Although officials with nuclear–related experience from the Cold War remain in government and think tanks, they are retiring at a growing rate, and millennials will eventually replace them. We at PSA worry that millennials are insufficiently focused on or fully conversant with nuclear issues. Based on conversations with experts inside government and out, we know we are not alone. While other global security challenges may seem more pressing, all Americans must remain mindful that more than 15,000 nuclear weapons remain around the world, most of them more powerful than those dropped on Hiroshima and Nagasaki in 1945.
Grappling with these challenges will be a task for all generations, but we need to address them now. To encourage Americans, and particularly millennials, to think more about these security issues, we are proud to announce the release of our newest video “15,000 Ways to End the World”. Please enjoy watching it, and pass it along to your peers, colleagues, friends, and family.
This video, made with the generous support of Outrider Foundation, is one tool to help achieve a better-informed America, and alert the millennial generation to be cognizant of important national security issues.
Over the coming weeks, PSA will populate this space with more resources that you can use to learn more about nuclear policy issues.
For Immediate Release: July 19, 2016
Washington, D.C.— An international Working Group convened by Partnership for a Secure America (PSA) released its final report examining ways in which non-state sources can help fund the International Atomic Energy Agency’s (IAEA) nuclear security and technical cooperation activities.
The report, Strengthening the IAEA: Technical Cooperation and Nuclear Security, includes ten recommendations on how the IAEA can partner more effectively with the private sector, the nonprofit and donor communities, and with other international governmental organizations. The report notes that IAEA’s budgets, comprised almost exclusively of contributions from its Member States, have not kept pace with new mandates and growing demands for its services, including those in nuclear security and technical assistance.
The Working Group believes that the IAEA should develop “a comprehensive strategy to diversify its revenue stream beyond reliance on state-based contributions.” The report’s completion and publication is an important milestone in a two-year project funded by Carnegie Corporation of New York (CCNY).
The Working Group was composed of individuals from seventeen countries, including former senior officials from the IAEA Secretariat, former Governors or Ambassadors who represented their countries at the IAEA, and other experts with IAEA experience.
“These experts have been working tirelessly for the past several months to complete this project,” said Dr. Andrew Semmel, Project Director and Chairman of the Board of Directors of PSA, “and we are happy to have completed such a challenging and worthy task.”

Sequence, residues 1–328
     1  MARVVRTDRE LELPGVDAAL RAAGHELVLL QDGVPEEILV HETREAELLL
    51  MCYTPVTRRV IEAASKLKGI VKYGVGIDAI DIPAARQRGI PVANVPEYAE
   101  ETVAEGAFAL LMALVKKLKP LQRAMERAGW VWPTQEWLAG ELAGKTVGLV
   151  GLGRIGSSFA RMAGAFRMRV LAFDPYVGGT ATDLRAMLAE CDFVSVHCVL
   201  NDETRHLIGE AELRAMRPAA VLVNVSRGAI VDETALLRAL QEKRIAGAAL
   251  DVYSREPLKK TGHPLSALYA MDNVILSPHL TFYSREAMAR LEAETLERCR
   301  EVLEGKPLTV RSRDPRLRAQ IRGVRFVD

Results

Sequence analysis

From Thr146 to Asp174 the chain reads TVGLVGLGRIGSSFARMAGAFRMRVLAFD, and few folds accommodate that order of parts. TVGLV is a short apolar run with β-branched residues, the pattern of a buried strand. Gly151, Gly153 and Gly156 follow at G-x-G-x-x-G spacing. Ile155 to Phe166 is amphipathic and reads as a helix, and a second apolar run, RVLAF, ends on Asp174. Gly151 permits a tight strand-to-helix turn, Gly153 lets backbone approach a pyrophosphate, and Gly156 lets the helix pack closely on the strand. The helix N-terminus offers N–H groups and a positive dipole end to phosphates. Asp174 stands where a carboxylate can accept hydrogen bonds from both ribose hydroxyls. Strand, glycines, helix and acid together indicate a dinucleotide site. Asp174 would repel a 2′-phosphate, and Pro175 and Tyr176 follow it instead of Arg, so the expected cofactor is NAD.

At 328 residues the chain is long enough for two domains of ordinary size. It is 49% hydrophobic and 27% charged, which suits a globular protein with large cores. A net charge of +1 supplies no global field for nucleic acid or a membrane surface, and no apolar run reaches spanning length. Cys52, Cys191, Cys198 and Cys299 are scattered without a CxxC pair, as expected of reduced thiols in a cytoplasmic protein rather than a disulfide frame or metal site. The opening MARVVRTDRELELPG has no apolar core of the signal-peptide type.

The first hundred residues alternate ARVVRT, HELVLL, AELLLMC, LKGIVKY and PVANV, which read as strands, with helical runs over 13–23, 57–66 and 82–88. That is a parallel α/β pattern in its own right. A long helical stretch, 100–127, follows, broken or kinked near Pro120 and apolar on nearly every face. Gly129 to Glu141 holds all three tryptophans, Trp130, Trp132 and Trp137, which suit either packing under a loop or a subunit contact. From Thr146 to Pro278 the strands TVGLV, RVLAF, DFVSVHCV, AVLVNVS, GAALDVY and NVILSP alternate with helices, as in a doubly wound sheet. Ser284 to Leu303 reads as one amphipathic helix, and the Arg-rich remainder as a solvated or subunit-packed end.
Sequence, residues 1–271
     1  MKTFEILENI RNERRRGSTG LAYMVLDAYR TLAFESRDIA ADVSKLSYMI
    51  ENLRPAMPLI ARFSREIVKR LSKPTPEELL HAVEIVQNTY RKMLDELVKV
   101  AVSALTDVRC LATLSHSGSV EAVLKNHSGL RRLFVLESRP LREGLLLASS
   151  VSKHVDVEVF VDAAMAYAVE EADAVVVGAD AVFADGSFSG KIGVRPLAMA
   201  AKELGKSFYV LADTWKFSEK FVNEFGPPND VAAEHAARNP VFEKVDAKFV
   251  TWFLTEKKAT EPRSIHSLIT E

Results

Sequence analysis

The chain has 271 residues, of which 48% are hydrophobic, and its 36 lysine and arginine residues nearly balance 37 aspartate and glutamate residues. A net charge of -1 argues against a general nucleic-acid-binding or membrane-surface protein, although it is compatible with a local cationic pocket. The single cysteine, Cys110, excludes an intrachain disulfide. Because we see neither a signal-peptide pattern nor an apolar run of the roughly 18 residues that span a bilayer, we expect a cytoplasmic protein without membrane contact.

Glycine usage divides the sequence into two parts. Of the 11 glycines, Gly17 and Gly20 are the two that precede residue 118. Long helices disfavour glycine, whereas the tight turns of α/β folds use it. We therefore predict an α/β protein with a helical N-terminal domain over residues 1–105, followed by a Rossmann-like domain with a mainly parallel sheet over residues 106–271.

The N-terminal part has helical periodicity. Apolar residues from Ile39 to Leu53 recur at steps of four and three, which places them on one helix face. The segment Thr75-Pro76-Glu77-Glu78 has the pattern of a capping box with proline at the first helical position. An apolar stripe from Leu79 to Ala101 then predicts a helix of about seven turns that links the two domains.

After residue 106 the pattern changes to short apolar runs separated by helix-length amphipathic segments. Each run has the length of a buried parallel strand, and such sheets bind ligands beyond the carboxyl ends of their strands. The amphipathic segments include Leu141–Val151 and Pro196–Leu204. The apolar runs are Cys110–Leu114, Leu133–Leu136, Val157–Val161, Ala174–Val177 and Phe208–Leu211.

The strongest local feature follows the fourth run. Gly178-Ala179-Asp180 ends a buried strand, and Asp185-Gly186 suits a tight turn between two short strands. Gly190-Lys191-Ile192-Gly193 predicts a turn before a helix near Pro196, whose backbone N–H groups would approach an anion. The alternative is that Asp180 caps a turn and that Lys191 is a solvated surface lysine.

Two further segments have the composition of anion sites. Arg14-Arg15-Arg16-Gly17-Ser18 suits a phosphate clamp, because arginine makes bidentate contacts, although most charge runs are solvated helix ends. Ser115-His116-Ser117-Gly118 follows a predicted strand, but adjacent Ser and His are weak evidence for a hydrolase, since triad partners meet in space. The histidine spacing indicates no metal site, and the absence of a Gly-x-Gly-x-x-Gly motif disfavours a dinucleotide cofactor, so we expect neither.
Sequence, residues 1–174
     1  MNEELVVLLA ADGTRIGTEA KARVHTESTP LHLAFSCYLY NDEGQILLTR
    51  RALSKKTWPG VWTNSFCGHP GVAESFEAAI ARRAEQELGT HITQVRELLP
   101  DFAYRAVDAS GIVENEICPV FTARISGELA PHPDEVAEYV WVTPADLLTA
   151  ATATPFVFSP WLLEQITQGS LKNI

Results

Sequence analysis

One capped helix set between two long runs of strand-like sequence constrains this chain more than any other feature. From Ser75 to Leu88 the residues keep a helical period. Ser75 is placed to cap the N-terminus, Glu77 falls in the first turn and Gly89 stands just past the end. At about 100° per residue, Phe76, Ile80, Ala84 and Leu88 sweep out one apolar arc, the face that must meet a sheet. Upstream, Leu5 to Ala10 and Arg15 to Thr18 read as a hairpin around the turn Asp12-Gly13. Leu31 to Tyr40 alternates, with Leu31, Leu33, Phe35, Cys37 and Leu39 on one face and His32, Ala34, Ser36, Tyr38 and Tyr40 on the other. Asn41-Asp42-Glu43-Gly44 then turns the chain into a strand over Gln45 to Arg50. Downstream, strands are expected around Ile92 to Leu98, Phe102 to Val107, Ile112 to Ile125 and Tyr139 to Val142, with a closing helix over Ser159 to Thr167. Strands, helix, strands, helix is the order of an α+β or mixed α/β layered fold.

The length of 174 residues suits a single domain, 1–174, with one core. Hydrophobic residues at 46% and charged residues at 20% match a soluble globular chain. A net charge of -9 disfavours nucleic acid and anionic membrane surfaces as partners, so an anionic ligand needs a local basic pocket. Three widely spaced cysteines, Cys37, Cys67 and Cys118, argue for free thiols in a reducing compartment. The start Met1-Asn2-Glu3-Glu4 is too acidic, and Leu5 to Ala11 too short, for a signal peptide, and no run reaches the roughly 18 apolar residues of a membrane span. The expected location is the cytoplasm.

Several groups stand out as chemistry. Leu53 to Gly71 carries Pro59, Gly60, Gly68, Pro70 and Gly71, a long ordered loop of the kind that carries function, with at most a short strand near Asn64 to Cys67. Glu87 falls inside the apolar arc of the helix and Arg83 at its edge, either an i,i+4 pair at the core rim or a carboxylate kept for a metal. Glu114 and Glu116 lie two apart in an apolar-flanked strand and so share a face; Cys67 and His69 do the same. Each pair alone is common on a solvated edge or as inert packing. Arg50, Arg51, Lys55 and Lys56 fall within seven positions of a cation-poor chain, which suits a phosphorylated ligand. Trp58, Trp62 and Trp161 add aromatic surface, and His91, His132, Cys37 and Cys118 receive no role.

The report’s findings represent the views solely of the international Working Group and have not been endorsed by CCNY and do not represent a CCNY position.
CONTACT: Andrew Szparaga (202-293-8580), or firstname.lastname@example.org.
Two foremost experts on Iran expressed support for the interim agreement — the Joint Plan of Action — on Iran and President Obama’s current approach at a meeting on Capitol Hill today sponsored by the Partnership for a Secure America. “The policy is highly bipartisan,” said Nicholas Burns, former Undersecretary of State for Political Affairs under President George W. Bush and currently professor at the Harvard Kennedy School of Government. He agreed with Robert Einhorn, former State Department Special Advisor for nonproliferation and arms control in the Obama administration and currently senior fellow at the Brookings Institution, that Congress should refrain from further sanctions legislation at this time. “It is the President who negotiates, not 535,” said Burns, “and Congress should support him.”
One of the goals is to lengthen the time for Iranian nuclear “breakout.” Einhorn pointed out that without an interim agreement Iran could make significant progress, and substantially shorten the breakout timeline. He believes while each government is stressing the benefits to their country of the interim deal, a final comprehensive agreement will be very tough to achieve.
Both experts agreed that there is concern that the interim deal will open the floodgates to business activity, but stated that there is no evidence of this happening at present. Einhorn said that the sanctions will remain in place, with some benefits available for Iran, but incentives still remain for Iran to negotiate. Einhorn said the IAEA will play a major role in the final deal with Iran, although Iran must go well beyond the additional access by inspectors and information provided by an Additional Protocol. Burns added that verification is a critical issue, noting, “Don’t trust, verify.”
The event was sponsored by the bipartisan nongovernmental organization, the Partnership for a Secure America (https://psaonline.org), which includes a balanced number of Republican and Democratic luminaries such as Madeleine Albright and Howard Baker on its Advisory Board. The video of the entire meeting is available at CSPAN (https://www.c-span.org/video/?317671-1/NuclearDeal
Both former negotiators noted that while the U.S. spent years not talking to Iran and spent much of its time sanctioning, in recent months it has become routine for Iranians and Americans to sit down to talk. The U.S. has not had an official dialogue with Iran for more than three decades. The two experts said that the two sides will have to work in a way in which Iran does not have to admit guilt but still satisfies the West.